So the cops weren’t going to deal with Tobias for me. Not yet, anyway. I waited, not sure what I was looking for. Spenser—or maybe it was Magnum, P.I.—used to say that the first rule of private detecting is, “When I doubt, follow someone.”
Unfortunately, I had no one to follow until an hour later, when the side door opened and both dogs ran down the driveway. Tobias locked his door and leashed the dogs, and they headed down the block—away from me.
I gave them half a block. I was wearing a cap, and I’d made sure to bring a different jacket with me. Maybe Tobias wouldn’t recognize me from a distance. Of course, the dogs might remember my scent . . . but I decided not to get close enough to let them sniff me. I hoped.
They roamed around the block, barking and yanking Tobias forward with sharp tugs on their leashes. Then they made a turn around the corner. I followed, hanging back as far as I could without letting them get out of sight under the streetlights.
They waited at a corner and then crossed the street, dodging a cab trying to beat the light. I recognized the street signs and realized they were heading for the park where I’d met Samuel Benson and his Corgi.
A sign on the gate sign advised that the park would be locked at 10:00. I checked my watch. 8:30. Another sign warned, “All Dogs Must Be Leashed.” Tobias ignored it, letting Dragnet and Archer run free across the grass, following with slow, heavy steps. Streetlights outside illuminated the benches close to the fence. Two old women chatted, eating takeout food. Close to the trees, away from the lights, a young couple sat on one bench, making out. I didn’t see any kids on the slide or the swingset, but I spotted a teenager talking on his cell phone near the jungle gym.
The dogs ran into a small gathering of trees in the corner of the park. Tobias kept his eyes on them, not bothering to look around—or over his shoulder. I did my best impression of The Shadow, trying to keep out of his sight in the gloom.
I slipped from tree to tree and finally huddled behind one with a thick, rough trunk. Archer and Dragnet ran in a wide circle near the fence, with Tobias standing motionless at the center. His eyes closed, he stood like the tree I was hiding behind, with his hands in his pockets and his legs stiff.
Dragnet raced over and sniffed his feet. Tobias seemed to nod, and I saw his lips move, too quiet to hear. Then Dragnet ran behind a bush close to the fence while the Archer sat on his haunches as if guarding his master.
After about five minutes, Dragnet trotted back, panting, and Archer took off for the bushes. Tobias didn’t move as Dragnet looked up at him. Who was guarding whom? I wasn’t sure Tobias’s eyes were open. Or whether he was still breathing.
Archer returned in the same amount of time, walking calmly instead of panting. Both dogs nudged Tobias’s shoes, and after a moment he rubbed his face and blinked as if he’d taken a nap standing up. Then he kneeled to leash them again.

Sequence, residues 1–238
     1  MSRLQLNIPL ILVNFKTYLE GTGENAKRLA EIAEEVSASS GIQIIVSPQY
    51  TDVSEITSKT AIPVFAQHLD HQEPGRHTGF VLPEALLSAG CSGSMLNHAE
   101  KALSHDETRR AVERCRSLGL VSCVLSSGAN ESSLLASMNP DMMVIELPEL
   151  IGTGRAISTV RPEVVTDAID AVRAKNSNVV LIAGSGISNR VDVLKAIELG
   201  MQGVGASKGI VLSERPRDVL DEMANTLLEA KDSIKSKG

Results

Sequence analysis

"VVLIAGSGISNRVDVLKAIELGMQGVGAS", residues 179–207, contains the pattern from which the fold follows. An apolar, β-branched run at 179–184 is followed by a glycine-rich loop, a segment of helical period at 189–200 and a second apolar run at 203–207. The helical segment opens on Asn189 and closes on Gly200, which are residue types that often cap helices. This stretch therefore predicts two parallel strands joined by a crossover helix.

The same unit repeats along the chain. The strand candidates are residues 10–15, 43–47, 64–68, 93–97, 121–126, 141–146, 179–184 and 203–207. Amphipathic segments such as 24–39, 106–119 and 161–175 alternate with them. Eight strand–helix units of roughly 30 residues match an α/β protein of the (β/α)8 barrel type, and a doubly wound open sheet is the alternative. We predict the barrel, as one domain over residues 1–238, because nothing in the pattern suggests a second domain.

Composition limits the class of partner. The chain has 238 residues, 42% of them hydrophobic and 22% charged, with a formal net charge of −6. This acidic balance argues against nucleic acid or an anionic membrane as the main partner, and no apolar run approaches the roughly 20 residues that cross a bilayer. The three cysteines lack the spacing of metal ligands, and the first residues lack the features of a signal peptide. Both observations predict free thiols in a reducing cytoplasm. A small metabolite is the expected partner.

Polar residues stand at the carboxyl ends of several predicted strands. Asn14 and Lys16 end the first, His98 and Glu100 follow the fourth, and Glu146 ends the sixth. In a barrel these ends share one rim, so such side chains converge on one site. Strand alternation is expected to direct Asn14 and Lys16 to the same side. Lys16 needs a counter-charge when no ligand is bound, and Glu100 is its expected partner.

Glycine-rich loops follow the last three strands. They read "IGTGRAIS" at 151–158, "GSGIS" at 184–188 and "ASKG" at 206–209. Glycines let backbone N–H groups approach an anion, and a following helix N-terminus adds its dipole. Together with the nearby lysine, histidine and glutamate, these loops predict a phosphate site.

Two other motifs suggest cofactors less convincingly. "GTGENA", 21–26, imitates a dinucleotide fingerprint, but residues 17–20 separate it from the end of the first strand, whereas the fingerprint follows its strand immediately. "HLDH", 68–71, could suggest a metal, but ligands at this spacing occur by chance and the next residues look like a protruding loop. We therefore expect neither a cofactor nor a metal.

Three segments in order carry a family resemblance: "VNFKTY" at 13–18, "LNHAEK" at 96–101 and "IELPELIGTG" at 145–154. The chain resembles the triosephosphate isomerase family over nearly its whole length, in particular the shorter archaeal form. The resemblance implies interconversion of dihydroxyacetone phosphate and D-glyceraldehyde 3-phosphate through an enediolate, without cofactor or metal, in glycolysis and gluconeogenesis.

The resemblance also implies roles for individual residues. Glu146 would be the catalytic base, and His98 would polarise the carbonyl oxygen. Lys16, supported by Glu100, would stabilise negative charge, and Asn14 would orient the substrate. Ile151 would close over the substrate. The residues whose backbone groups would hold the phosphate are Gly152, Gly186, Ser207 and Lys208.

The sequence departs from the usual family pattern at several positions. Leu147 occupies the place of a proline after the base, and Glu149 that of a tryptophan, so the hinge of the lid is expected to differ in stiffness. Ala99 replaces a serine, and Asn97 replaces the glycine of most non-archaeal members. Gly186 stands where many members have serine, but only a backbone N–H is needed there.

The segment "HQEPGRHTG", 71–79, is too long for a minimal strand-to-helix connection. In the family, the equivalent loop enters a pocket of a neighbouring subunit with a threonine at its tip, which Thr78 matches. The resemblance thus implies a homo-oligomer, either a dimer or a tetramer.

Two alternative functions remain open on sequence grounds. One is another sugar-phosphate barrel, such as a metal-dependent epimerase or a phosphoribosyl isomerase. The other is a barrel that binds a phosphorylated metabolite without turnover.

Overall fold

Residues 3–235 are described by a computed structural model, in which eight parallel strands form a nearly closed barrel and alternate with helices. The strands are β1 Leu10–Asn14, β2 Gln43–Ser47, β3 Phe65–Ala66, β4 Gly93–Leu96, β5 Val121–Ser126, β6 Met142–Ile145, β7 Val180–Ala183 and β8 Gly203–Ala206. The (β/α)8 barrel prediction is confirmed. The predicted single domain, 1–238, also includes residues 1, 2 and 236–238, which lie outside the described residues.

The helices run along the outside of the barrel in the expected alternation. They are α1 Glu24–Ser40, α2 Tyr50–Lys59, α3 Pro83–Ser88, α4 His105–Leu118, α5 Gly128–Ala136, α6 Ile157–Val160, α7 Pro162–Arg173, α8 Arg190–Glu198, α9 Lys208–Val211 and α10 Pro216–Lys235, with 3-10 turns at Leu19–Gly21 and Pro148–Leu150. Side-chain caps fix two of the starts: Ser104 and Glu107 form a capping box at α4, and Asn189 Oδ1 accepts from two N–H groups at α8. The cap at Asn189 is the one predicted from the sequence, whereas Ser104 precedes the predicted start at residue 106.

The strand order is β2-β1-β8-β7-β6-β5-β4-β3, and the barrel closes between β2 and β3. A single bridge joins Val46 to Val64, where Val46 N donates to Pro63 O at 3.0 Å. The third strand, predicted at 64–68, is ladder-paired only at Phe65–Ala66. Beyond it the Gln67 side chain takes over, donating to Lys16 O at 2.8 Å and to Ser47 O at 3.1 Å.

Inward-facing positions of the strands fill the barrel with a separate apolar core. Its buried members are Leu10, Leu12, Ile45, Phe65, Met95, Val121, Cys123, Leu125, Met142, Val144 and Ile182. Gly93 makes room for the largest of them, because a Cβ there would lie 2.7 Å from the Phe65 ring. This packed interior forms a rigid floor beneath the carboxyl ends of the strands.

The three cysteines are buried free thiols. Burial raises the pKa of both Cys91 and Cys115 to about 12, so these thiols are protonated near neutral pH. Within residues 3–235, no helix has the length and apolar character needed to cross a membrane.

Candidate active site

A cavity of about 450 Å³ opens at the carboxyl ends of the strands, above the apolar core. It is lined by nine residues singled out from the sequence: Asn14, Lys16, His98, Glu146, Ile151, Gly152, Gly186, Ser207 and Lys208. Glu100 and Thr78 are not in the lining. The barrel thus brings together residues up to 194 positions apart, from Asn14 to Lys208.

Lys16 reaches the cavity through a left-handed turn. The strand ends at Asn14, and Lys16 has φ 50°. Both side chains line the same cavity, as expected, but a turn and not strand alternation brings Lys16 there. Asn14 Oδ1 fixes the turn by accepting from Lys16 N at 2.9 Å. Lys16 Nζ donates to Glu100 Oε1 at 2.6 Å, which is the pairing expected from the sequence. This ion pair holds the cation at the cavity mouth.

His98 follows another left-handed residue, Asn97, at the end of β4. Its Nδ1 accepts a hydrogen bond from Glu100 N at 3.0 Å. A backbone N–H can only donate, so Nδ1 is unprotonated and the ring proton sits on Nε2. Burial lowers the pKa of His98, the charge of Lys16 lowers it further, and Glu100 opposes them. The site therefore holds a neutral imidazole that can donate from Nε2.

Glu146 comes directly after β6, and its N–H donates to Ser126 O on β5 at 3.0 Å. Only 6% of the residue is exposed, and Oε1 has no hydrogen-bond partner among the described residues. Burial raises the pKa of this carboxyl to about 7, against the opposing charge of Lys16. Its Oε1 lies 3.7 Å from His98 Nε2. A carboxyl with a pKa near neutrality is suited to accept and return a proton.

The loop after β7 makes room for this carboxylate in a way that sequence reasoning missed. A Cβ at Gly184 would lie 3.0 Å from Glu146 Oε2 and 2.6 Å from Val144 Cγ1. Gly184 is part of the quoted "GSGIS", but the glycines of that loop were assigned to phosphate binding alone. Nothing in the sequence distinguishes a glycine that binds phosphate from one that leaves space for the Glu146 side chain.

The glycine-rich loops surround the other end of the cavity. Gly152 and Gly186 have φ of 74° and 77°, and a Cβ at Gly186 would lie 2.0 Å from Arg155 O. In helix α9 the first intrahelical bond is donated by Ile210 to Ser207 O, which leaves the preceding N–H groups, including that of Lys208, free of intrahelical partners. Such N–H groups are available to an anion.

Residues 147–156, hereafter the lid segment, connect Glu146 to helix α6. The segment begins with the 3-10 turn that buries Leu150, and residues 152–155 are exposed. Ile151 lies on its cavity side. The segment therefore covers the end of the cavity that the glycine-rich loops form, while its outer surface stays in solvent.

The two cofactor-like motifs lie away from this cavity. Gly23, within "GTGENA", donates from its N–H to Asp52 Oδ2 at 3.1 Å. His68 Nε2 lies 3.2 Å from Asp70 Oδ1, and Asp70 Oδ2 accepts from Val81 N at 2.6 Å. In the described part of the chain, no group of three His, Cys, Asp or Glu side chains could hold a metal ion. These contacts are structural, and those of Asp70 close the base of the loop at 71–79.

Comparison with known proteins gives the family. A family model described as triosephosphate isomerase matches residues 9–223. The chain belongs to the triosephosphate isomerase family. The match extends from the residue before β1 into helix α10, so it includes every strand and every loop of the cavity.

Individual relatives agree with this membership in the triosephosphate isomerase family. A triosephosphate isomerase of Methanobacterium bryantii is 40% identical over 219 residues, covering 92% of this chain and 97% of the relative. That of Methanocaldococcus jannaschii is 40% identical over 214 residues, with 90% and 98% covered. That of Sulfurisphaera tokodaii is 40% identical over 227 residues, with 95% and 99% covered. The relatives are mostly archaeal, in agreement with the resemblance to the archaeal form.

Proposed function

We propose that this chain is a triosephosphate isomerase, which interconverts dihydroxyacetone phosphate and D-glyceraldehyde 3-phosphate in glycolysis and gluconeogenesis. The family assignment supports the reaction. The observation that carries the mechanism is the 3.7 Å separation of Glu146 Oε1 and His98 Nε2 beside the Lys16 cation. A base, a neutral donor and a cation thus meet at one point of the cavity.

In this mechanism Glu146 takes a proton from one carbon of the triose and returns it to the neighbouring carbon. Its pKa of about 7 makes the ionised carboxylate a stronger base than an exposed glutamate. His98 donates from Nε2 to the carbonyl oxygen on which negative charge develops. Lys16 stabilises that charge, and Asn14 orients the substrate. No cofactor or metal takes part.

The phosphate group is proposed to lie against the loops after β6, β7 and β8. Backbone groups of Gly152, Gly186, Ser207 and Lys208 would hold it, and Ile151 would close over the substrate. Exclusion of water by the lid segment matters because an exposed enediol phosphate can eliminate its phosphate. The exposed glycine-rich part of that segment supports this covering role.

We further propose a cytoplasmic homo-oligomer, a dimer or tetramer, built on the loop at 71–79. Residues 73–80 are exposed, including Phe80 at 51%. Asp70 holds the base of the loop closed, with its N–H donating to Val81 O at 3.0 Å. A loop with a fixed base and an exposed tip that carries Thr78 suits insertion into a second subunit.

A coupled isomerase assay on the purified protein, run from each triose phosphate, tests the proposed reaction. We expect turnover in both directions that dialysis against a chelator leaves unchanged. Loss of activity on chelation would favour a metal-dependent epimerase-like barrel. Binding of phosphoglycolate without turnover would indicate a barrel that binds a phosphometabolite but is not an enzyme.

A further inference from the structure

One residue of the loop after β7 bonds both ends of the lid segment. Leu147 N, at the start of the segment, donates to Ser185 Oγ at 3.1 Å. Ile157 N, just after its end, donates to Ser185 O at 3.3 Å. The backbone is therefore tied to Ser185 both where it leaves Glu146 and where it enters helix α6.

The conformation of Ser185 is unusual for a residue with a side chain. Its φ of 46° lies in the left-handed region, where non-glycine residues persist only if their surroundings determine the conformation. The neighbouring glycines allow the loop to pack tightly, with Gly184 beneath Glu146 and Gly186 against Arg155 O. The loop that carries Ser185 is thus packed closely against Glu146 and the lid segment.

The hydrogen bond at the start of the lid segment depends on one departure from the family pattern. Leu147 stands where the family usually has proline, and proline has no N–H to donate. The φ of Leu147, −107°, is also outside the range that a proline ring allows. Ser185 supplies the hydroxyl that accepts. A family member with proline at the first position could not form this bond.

I managed to blend in next to the tree, staying still enough that they didn’t notice me as they walked slowly toward the park entrance. The dogs were quiet now, close to Tobias’s heels. He staggered once, losing his balance for a moment, then rubbed his head and trudged forward as if suddenly exhausted.
The young couple making out had left. The two older ladies were still talking. As Tobias neared the entrance, an African-American man walking a dog of his own—a Jack Russell terrier, maybe—came through the gate.
The two Labradors shot forward, growling. The man pulled his dog back protectively. “Whoa, whoa! It’s okay.” He petted the terrier’s head. “It’s okay, Daisy. It’s me, Jimmy, all right? They’re not going to—”
Then Archer launched himself at Jimmy, pulling free of his leash. The terrier yelped in terror as Jimmy fell over, shouting, trying to keep Daisy in one arm while he pushed at Archer’s head.
Tobias grabbed for the leash, but Archer was too strong and fast for him. He jumped on top of Jimmy and the terrier, barking furiously. Dragnet joined in, pinning Daisy down as his owner rolled over and scrambled to his knees.
“What the hell, man?” Jimmy rolled over, shoving both dogs as hard as he could. “Control your dogs, you asshole! Get off!”
He managed to scoop up Daisy in his arms, stand up, and back away, breathing hard. “What is wrong with you?”
All the dogs were barking now. The Labs circled Jimmy, and Daisy squirmed in his arms. The two older women watched from their bench. One had a cell phone out.
Tobias rocked on the grass, dazed by the sudden violence. “I don’t—I can’t—I’m—”
Jimmy had his own phone out now. “I’m calling the police. What’s your name?”
Tobias stared at him as if he couldn’t remember. Then, with a sudden, desperate lunge, he pushed the guy aside and ran through the gate to the street.
“Hey, wait!” Jimmy twisted around. “What are you—” Then he saw me. “Who are you? Do you know that guy?”
“His name’s Tobias. He lives over on Cleveland.” Then I took off after him, dodging the two dogs. “Tobias! Wait!”
He didn’t wait. He ran like a hellhound was after him, but the dogs stayed with Jimmy and Daisy, darting in and back, snapping at them and growling.
I hoped they wouldn’t come chasing after us right away. Tobias raced down the street, but I could hear him panting and groaning from half a block behind. He barely made it to the corner before he stopped and doubled over, grabbing a light pole to keep himself upright, looking close to vomiting on the sidewalk.
“Tobias?” I was out of breath myself. “What’s the deal?”
He looked up at me, blinked, and recognized my face. “Help me,” he begged. “Keep them away from me!”
“What are they?”
“They’re possessed!” His eyes were wide and bloodshot. “They’re from hell. Or someplace. I can’t control them. They’re controlling me!”
I heard the first police siren. “My car’s on the other block. Come on.”